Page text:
While LGBTQ candidates made history at all levels of government, they had the hardest time clinching victory in statewide offices, with all 10 of those candidates losing their elections.
At the federal level, only nine of the 63 candidates who ran won their elections. However, at least two of the winners made U.S. history: Ritchie Torres and Mondaire Jones, both New York Democrats, became the first openly gay Black Americans every elected to Congress.
A little more than a quarter of the candidates who ran for mayor won. Among them is Todd Gloria, who became the first LGBTQ person elected mayor of San Diego. Gloria joins Chicago’s Lori Lightfoot as the only gay people of color holding mayorships in major U.S. cities.
LGBTQ candidates fared much better running for other local offices, with a nearly 50 percent success rate. They also did well running for state legislatures, where they won 42.5 percent of the time. They fared the best in judicial races, with a 57 percent success rate.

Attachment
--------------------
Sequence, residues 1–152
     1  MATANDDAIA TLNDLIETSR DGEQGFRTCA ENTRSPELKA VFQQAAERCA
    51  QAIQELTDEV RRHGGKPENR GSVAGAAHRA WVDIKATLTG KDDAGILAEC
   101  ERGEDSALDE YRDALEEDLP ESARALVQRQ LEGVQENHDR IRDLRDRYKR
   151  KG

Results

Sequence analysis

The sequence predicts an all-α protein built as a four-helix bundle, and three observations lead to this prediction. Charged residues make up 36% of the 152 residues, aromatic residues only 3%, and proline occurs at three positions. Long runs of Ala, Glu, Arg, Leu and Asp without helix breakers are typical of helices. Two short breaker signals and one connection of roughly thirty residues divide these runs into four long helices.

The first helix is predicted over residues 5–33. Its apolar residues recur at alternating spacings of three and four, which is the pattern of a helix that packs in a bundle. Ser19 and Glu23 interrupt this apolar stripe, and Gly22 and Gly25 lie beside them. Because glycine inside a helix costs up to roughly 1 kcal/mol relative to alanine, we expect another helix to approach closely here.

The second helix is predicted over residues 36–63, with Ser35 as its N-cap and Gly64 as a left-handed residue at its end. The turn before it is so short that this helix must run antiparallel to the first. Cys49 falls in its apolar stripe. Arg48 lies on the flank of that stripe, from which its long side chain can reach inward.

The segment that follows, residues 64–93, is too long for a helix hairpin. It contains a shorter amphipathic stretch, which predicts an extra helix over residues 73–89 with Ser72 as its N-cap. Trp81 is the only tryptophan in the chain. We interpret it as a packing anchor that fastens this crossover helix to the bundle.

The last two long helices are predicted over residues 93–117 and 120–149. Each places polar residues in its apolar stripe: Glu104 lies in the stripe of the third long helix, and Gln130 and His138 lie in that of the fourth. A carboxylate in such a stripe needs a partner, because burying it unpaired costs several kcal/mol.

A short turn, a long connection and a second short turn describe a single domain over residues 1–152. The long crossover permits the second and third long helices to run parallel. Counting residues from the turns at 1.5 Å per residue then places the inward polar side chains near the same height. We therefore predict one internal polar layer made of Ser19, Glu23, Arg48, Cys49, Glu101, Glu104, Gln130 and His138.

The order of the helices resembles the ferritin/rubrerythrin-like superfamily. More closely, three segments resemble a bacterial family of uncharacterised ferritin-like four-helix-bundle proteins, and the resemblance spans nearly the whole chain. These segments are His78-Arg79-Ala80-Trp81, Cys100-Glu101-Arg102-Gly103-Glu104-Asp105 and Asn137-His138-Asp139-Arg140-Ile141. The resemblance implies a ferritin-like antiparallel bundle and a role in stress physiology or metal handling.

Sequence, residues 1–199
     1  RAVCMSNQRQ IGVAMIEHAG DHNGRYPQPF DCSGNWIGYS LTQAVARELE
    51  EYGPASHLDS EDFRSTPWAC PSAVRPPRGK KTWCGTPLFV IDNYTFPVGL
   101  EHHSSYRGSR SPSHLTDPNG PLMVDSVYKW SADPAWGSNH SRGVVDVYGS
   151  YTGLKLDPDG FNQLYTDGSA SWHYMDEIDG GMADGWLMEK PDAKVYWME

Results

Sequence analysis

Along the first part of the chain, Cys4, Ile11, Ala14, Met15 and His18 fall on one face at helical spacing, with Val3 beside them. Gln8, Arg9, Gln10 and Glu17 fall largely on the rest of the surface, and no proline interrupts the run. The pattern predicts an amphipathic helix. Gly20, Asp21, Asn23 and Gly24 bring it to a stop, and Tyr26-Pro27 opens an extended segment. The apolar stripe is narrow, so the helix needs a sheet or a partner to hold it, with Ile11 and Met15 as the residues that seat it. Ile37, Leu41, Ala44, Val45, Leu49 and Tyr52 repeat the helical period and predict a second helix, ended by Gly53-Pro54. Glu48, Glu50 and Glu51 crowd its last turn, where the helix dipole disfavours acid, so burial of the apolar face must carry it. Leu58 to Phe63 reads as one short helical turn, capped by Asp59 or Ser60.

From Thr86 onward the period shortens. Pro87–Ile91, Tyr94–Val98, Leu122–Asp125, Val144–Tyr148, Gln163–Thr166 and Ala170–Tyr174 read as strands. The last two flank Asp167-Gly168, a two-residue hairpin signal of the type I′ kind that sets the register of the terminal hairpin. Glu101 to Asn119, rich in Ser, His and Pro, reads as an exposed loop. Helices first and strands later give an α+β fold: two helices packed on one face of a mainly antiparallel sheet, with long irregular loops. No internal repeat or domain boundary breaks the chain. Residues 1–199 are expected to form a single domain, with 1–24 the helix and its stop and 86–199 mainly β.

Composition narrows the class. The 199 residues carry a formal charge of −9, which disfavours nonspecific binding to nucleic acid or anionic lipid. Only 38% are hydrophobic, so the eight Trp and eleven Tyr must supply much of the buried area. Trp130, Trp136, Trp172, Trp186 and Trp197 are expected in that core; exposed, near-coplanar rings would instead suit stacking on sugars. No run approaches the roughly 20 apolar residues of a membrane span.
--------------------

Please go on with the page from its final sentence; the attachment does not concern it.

LGBTQ candidates are significantly more likely to run as Democrats (77 percent) than Republicans (2 percent), and queer Democrats had a better showing at the ballot box, with 41.5 percent of them prevailing, compared to 37 percent of those who ran as Republicans.
Gay Republican Eddie Mannis was among the nonincumbent GOP winners, winning a seat the Tennessee House of Representatives last month. He will join several Republican lawmakers who just won re-election, including Tom Hannegan of Missouri, Jason Elliot of South Carolina and Dan Zwonitzer of Wyoming, who has played a vital role in preventing the passage of anti-LGBTQ legislation in that state.